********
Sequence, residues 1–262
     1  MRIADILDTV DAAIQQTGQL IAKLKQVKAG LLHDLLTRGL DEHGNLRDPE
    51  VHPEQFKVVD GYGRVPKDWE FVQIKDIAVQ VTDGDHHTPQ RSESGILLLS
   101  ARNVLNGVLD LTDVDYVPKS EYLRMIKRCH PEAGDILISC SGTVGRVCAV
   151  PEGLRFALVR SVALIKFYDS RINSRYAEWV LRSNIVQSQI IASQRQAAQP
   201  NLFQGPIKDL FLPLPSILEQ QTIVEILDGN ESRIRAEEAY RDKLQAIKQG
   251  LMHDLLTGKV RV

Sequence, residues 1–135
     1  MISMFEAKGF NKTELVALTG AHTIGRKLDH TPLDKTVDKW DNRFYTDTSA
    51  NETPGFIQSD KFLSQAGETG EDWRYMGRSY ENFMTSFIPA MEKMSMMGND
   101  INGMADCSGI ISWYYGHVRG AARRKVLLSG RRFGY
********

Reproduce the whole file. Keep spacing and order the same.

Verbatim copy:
Sequence, residues 1–262
     1  MRIADILDTV DAAIQQTGQL IAKLKQVKAG LLHDLLTRGL DEHGNLRDPE
    51  VHPEQFKVVD GYGRVPKDWE FVQIKDIAVQ VTDGDHHTPQ RSESGILLLS
   101  ARNVLNGVLD LTDVDYVPKS EYLRMIKRCH PEAGDILISC SGTVGRVCAV
   151  PEGLRFALVR SVALIKFYDS RINSRYAEWV LRSNIVQSQI IASQRQAAQP
   201  NLFQGPIKDL FLPLPSILEQ QTIVEILDGN ESRIRAEEAY RDKLQAIKQG
   251  LMHDLLTGKV RV

Sequence, residues 1–135
     1  MISMFEAKGF NKTELVALTG AHTIGRKLDH TPLDKTVDKW DNRFYTDTSA
    51  NETPGFIQSD KFLSQAGETG EDWRYMGRSY ENFMTSFIPA MEKMSMMGND
   101  INGMADCSGI ISWYYGHVRG AARRKVLLSG RRFGY